On the “Bindings” tab, click on “Disabled” next to the “Put to Next Output” keyboard shortcut, check the “Enabled” box and then assign it a key combination that’s not already in use. I’ve used Ctrl + Tab (click on “Grab key combination” to set a keyboard shortcut). Then click ok and you’re done.
Now, focus a window and press the keyboard combination you’ve used above: the window should move to the other workspace. If you only have to monitors, this should be enough, as it moves any window from one monitor to the other. If you have more than 2 monitors, you can assign keyboard shortcuts for “Viewport Left” and “Viewport Right” and so on, under “Put to adjacent viewport”.

Get full screen flash videos to work on any monitor
In some cases (or maybe always?), full screen Flash videos show up on the primary monitor, even if you’ve clicked the full screen button while using some other monitor. The above solution works with these full screen Adobe Flash videos too: click a video, then press the key combination you’ve set up and the video should move to the other display.
So there you have it, now you can move the full screen flash videos on any monitor you want.

Get Flash videos to remain full screen when working (clicking) in the other desktop
The above solution fixes full screen Flash video showing up on the wrong display, but there’s another annoying issue with Flash: if you’re watching a full screen video on one monitor and want to work on another monitor, the flash video exists full screen. Basically, unless the full-screen flash video is focused, it exists full-screen.
There are some fixes and workarounds for this full screen Flash exiting when it’s unfocused too:
1. The first one is using an extension which resizes Flash videos to fill the whole browser window and you can then set the browser to full screen by pressing F11 or selecting View > Full screen:for Google Chrome / Chromium: MaximizeFlashfor Firefox: Flash Game Maximizer (the button to resize video to fit the whole browser window is on the addon bar so to show it, select View > Toolbars > Addon Bar). This extension doesn’t work properly with YouTube though but you can set YouTube to use HTML5 by going to flash full windowAfter getting the video to fill the whole browser window, hit F11 or select View > Full screen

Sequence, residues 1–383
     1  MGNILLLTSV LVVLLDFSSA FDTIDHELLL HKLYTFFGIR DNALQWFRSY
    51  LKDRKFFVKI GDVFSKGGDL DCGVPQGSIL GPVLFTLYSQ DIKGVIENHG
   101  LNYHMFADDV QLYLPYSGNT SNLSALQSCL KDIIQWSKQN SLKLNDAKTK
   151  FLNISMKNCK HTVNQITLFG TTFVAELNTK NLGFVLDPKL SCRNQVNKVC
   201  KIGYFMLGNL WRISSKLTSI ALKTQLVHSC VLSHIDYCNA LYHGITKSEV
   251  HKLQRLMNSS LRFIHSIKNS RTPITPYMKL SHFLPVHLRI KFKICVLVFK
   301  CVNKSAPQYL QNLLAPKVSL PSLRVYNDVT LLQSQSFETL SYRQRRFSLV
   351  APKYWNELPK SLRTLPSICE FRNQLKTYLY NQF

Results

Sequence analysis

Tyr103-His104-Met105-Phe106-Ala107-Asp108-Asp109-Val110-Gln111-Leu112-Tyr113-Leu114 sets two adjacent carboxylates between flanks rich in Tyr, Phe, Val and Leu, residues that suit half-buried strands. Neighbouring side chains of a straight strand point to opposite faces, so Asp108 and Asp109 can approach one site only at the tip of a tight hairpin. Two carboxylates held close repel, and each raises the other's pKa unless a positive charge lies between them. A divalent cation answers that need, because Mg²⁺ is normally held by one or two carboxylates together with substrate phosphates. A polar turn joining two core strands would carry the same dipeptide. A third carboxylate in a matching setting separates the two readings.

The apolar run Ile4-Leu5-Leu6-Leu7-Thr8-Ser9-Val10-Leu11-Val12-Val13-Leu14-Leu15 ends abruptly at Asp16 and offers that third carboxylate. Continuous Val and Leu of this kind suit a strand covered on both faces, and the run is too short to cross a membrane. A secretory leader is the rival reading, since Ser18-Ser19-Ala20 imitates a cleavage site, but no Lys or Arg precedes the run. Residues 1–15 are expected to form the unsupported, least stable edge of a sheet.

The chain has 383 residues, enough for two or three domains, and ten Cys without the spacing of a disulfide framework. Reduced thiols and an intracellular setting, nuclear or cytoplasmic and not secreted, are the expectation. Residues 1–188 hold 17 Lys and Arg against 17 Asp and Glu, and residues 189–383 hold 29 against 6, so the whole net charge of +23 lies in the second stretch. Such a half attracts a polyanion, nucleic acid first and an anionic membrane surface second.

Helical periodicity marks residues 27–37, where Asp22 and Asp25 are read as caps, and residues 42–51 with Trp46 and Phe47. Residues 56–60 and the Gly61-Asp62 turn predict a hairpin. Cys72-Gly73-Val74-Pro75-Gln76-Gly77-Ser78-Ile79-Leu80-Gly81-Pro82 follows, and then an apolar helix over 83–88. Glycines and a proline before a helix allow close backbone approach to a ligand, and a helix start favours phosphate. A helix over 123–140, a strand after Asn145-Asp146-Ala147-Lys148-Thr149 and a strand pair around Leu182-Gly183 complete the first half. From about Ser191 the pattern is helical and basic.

2. Below is another solution for this issue, that fixes Adobe Flash for any browser, except Google Chrome.
The reason flash videos exit full screen when clicking anywhere on the other monitor is because that’s the behaviour wanted by Adobe. Adobe Flash is not open source, but we can still modify its code using a tools such as GHex.
To install GHex in Ubuntu, use the following command:sudo apt-get install ghex
Now, find out where your Flash plugin is installed using the following commands:sudo updatedb
The “locate” command above should return the full path to Copy it because you’ll need it for the next command:gksu ghex /path/to/
Where “/path/to/” is the path to you’ve copied above (usually it should be /usr/lib/flashplugin-installer/ or /usr/lib/adobe-flashplugin/

Now, editing a binary with GHex is tricky, so read everything carefully.

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Get Ubuntu NotifyOSD Notifications To Show Up On Active Monitor In Multi-Screen Environments [Quick Tip]

notifyosd notificationBy default, the Ubuntu NotifyOSD notification bubbles are displayed on only one monitor in multi-monitor setups, which might be useful in some situations, but it doesn’t make sense in most cases.
For instance, if you’re working on something on one monitor and get a notification on the other one, you’re almost never going to see it and… maybe it’s an important notification and you don’t want to miss it. So here’s a quick tip on how to set the NotifyOSD notifications to follow the mouse in multi-screen environments so they show up on the display which contains the active window.
Firstly, if you don’t have dconf-tools already, install it using the command below:sudo apt-get install dconf-tools
dconf notifyosd
Then run dconf-editor, navigate to apps > notifyosd and change the “multihead-mode” value from “dont-focus-follow” to “focus-follow”.

That’s it, the notification bubbles should now show up on the monitor you’re currently working on (has the active window).

Originally published at WebUpd8: Daily Ubuntu / Linux news and application reviews.